Viewing the ISS

Viewing the ISS

Postby kal » Thu Jul 28, 2016 1:24 pm

The International Space Station is the brightest object in the night sky, save for the moon. It is easy to spot during one of its regular cycles over say Vancouver (and, by extension, much of BC and WA).

Tonight there will be a Class A+ (high angle, long duration) pass of ‪the #‎ISS‬ over Vancouver. 11:03 PM, Visible: 6 min, Max Height: 87°, Appears: 10° above WSW, Disappears: 11° above ENE. Go outside at 11:03 pm, look to the west and up and you'll spot it. It will be a bright light, not blinking in any way. It will become brighter as it moves closer to the zenith and then become very bright shortly after the zenith as the solar panels reflect maximum light down to earth.

The ISS will be ca. 400 km up and moving at a near-constant speed of 27,000 km/h.

Basically it will be right over head at 11:06 pm. Chart courtesy of heavens-above.com.



Well, no chart. I'm not sure how to load an image into these posts.
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Re: Viewing the ISS

Postby Russ_Byth » Thu Jul 28, 2016 4:48 pm

Or you can download the ISS OnLive app (for Android at least) and track it day and night.
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Re: Viewing the ISS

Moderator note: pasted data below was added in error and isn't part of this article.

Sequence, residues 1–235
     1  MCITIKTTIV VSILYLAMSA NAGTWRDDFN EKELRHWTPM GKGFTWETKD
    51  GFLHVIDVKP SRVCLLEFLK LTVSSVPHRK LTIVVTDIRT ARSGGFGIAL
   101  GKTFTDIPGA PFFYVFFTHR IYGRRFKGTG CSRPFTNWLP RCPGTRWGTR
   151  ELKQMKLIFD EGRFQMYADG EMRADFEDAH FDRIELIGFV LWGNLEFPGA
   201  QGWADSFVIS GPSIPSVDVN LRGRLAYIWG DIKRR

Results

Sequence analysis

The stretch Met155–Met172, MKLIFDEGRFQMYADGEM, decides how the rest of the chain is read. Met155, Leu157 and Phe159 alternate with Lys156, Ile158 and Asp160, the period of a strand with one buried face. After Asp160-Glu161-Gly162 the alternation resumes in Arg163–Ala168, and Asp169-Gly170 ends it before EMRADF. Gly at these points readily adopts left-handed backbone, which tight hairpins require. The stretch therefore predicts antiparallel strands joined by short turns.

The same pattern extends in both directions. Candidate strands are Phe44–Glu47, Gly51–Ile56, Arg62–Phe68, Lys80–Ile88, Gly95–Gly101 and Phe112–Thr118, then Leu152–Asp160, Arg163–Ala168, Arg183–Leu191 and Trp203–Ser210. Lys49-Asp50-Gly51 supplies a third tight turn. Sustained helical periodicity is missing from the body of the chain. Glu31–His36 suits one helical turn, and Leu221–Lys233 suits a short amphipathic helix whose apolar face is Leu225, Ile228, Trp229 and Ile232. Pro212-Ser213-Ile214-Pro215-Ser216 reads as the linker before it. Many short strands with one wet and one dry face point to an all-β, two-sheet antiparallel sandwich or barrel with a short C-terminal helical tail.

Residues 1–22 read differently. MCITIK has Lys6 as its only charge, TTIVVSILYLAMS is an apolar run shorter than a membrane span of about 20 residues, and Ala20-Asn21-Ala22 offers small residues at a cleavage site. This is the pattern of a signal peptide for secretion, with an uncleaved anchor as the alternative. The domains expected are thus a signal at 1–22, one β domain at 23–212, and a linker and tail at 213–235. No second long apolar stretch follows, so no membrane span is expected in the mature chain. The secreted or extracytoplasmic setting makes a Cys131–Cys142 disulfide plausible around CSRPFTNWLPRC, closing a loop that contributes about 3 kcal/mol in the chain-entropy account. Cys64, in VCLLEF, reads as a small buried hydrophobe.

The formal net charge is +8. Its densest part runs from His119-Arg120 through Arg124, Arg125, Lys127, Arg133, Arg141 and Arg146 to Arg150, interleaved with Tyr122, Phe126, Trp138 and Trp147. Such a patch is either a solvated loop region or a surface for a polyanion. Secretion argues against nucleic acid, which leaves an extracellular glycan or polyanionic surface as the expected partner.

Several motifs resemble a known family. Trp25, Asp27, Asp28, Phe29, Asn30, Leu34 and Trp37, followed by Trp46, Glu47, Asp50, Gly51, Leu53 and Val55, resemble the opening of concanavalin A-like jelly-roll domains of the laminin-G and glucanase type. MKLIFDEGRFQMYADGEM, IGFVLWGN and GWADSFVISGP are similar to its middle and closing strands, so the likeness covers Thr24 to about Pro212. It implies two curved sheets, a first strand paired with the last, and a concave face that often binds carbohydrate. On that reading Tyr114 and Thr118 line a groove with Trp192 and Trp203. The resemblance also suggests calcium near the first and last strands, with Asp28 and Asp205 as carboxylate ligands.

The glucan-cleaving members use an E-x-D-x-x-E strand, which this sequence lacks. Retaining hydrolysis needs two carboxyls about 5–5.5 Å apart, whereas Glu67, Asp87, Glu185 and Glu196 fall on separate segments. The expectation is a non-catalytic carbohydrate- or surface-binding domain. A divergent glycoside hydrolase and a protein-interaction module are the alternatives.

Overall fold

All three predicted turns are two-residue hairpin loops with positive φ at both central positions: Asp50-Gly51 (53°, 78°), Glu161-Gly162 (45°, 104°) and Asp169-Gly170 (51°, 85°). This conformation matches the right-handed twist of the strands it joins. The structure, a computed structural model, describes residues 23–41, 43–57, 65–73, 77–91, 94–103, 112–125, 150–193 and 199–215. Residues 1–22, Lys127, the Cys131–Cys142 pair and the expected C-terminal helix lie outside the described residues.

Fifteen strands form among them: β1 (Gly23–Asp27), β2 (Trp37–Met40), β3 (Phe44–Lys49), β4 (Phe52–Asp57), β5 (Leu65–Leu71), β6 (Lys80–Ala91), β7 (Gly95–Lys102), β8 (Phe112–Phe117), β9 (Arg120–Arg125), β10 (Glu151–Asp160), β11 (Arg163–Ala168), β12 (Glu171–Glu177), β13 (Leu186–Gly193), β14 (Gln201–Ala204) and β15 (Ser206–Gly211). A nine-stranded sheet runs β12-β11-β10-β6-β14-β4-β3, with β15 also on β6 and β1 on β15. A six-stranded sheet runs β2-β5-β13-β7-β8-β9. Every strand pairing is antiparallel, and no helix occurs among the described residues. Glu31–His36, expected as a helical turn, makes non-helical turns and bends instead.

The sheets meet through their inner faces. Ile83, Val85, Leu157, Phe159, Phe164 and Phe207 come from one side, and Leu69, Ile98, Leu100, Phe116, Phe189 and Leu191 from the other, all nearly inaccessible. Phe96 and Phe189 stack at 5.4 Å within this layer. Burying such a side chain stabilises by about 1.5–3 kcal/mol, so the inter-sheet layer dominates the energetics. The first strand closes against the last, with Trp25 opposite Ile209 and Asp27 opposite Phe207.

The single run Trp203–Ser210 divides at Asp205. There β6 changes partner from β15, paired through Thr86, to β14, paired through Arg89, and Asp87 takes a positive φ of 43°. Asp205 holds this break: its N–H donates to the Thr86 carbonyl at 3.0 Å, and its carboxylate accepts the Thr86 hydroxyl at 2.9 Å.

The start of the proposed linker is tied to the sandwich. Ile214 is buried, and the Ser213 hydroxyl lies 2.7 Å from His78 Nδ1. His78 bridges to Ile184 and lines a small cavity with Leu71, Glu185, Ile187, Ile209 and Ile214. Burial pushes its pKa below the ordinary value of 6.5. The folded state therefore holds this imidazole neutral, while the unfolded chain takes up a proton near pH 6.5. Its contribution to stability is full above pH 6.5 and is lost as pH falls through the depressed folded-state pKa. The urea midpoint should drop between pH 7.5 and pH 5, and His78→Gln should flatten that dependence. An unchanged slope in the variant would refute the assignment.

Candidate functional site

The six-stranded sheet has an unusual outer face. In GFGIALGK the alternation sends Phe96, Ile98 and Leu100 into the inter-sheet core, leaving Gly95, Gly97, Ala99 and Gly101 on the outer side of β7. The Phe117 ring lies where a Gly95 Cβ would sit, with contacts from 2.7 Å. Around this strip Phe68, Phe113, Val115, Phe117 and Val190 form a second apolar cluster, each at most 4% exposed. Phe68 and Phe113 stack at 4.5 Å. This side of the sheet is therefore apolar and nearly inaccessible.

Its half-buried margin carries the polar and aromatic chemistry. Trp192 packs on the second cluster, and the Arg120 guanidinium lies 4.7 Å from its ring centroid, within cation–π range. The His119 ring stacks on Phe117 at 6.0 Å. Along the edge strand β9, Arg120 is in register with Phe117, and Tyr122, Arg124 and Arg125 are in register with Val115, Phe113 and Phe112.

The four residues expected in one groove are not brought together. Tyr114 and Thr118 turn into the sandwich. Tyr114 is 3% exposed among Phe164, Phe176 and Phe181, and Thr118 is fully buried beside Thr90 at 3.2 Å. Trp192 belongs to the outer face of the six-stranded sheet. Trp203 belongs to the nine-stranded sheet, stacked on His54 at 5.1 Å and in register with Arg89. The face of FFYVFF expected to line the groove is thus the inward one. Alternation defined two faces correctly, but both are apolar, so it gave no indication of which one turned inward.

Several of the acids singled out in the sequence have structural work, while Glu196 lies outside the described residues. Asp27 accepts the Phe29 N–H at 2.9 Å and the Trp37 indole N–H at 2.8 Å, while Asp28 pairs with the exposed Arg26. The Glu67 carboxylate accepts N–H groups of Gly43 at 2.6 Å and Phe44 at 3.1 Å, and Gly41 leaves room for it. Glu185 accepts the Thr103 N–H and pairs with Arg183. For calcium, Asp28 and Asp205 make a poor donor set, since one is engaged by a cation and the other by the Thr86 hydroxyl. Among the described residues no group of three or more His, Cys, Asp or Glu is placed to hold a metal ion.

Postby kal » Thu Jul 28, 2016 5:46 pm

There are lots of tracking apps and sites for the ISS. And Heavens-above.com is a very sophisticated site that has been around since the earliest days of the WWW. However, for me, the email notification from the NASA service of an ISS visible pass is the way to go. I've photographed it many times. It's particularly wonderful to see the ISS when it is being trailed by a supply craft. It is quite interesting to see two craft in proximity and it gives a different feel about the speed at this orbital altitude.

Another wonderful observation make is of an Iridium satellite flare. These are visible from any location on earth but they are highly location-sensitive. Someone 50 km might see nothing whereas the other person might see a magnitude -8 flash from the satellite. A -8 flare is very bright. Venus is about -3 and a bright ISS about -3.5. The more negative the value the brighter the flash.
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Re: Viewing the ISS

Postby Russ_Byth » Thu Jul 28, 2016 11:23 pm

Just watched the Space Station fly directly over me in West Kelowna. First saw it when it was off the coast of Vancouver Island, and it grew too faint to see when it was over central Manitoba! #Space_Station
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Re: Viewing the ISS

Postby kal » Fri Jul 29, 2016 7:59 am

Terrific. That was a wonderful pass, about as good as they come here. Almost 90 degrees at maximum elevation, 6 minutes, horizon to horizon. Maximum brightness just past the zenith. Managed to get a few good photos.
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